What you can do if ICE asks for your papers

Im­mi­grants can uti­lize ba­sic rights, ad­vo­cates point out.

Austin American-Statesman - - MORE OF TODAY’S TOP NEWS - By Daniel Shoer Roth Tribune News Ser­vice

The anti-im­mi­grant MI­AMI — rhetoric and some de­ci­sions of the Don­ald Trump gov­ern­ment have re­vived the fear of im­mi­gra­tion raids and mass de­por­ta­tions. Re­cently, agents of the Of­fice of Im­mi­gra­tion and Cus­toms En­force­ment raided dozens of 7-Eleven stores na­tion­wide on sus­pi­cion that they were hir­ing un­doc­u­mented im­mi­grants.

And in South Florida, U.S. Bor­der Pa­trol agents stopped a Greyhound bus on the way to Or­lando and de­manded cit­i­zen­ship doc­u­men­ta­tion, tak­ing a Ja­maican cit­i­zen in cus­tody. In con­fronta­tions like those, whether in public spa­ces, places of em­ploy­ment or pri­vate homes, le­gal and un­doc­u­mented im­mi­grants can ex­er­cise ba­sic con­sti­tu­tional rights in re­sponse to the au­thor­i­ties.

“These en­shrined rights are ap­pli­ca­ble to all peo­ple re­gard­less of their im­mi­gra­tion sta­tus and are a mus­cle that peo­ple should use,” said Ado­nia Simp­son, di­rec­tor of the Fam­ily De­fense pro­gram of Amer­i­cans for Im­mi­gra­tion Jus­tice, based in Mi­ami. How­ever, Simp­son said, that “does not guar­an­tee that the rights are not vi­o­lated; that im­mi­grants are not de­tained.”

The laws in­clude the right to re­main silent, the right to deny per­mis­sion to a search of your per­son, vehicle or home, and the right to ask for a lawyer.

What should you do when the au­thor­i­ties ask for your papers?

Keep silent: Ev­ery­one has the right to re­main silent by re­fus­ing to an­swer ques­tions. It is ad­vis­able to give your name and the date of birth, so that your rel­a­tives can eas­ily find you. But if you wish to ex­er­cise this right, say: “I ex­er­cise my right to re­main silent.”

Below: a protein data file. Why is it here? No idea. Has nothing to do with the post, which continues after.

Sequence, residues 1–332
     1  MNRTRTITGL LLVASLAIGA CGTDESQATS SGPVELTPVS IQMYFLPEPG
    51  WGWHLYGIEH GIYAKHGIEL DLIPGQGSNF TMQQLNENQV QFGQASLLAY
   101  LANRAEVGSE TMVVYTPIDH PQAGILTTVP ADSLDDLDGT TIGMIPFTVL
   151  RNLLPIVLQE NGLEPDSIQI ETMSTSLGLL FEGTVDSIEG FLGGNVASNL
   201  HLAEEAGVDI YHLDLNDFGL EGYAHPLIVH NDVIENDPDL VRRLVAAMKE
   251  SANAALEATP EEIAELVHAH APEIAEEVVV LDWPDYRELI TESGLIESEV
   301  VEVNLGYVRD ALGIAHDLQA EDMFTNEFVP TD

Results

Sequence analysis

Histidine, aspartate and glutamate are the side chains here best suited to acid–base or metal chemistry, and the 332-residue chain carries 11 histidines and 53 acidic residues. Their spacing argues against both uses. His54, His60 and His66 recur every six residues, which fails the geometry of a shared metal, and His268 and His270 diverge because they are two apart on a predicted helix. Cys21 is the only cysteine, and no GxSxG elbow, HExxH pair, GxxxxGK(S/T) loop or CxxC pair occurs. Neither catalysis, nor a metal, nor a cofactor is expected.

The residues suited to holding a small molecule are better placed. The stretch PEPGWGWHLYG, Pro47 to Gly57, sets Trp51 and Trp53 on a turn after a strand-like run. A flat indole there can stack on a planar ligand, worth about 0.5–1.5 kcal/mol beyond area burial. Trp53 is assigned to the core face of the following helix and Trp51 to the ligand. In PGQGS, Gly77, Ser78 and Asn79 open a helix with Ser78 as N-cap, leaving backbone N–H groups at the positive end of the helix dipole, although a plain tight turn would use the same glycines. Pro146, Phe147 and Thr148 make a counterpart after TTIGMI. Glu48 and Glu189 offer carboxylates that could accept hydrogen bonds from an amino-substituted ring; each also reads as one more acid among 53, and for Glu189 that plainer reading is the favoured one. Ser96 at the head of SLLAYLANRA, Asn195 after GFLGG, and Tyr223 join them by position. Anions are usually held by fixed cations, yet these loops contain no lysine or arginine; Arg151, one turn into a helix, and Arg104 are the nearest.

Do not lie or sign: You do not have to an­swer ques­tions about place of birth or how you en­tered the coun­try, or give ex­pla­na­tions or ex­cuses. But never lie, claim­ing to be a U.S. cit­i­zen if not, or give false iden­tity doc­u­ments. Do not sign papers with­out le­gal ad­vice, or re­veal your im­mi­gra­tion sta­tus to any­one other than your lawyer.

Nat­u­ral­ized im­mi­grants: Nat­u­ral­ized im­mi­grants can in­form agents that they are cit­i­zens of the United States. In the­ory, cit­i­zens should not be de­tained by ICE, but if they can­not im­me­di­ately cor­rob­o­rate their cit­i­zen­ship sta­tus by pre­sent­ing a pass­port, voter’s card, nat­u­ral­iza­tion cer­tifi­cate and other ev­i­dence, then they can be taken to a de­ten­tion cen­ter.

Per­ma­nent res­i­dents: The experts rec­om­mend that per­ma­nent res­i­dents keep their im­mi­gra­tion doc­u­ments with them, such as the per­ma­nent res­i­dence card or green card. In the case of for­eign­ers with non-im­mi­grant visas, the I-94 card, em­ploy­ment au­tho­riza­tion or other valid doc­u­ment that proves the reg­is­tra­tion with the Cit­i­zen­ship and Im­mi­gra­tion Ser­vice. If you do not have them, stay calm and re­main silent.

Mem­o­rize ID num­bers: This in­cludes the for­eign A # reg­is­tra­tion num­ber with a nine-digit se­ries and, if ar­rested, the prison iden­ti­fi­ca­tion num­ber or name. Also mem­o­rize the tele­phone num­ber of a close rel­a­tive, any med­i­ca­tions you take, your cur­rent im­mi­gra­tion sta­tus and any crim­i­nal records.

Con­sult a lawyer: Be­fore an­swer­ing any ques­tions, you can im­me­di­ately ask for a lawyer. You are also en­ti­tled to a lo­cal call and to con­tact the con­sulate of your home coun­try.

Deny en­try to the home: If ICE agents ar­rive at your home, you do not have to open the door un­less they have a search or ar­rest war­rant. Ask them to pass the order un­der the door and ver­ify that it is signed by a judge. A de­por­ta­tion/re­moval order does not au­tho­rize en­try with­out per­mis­sion.

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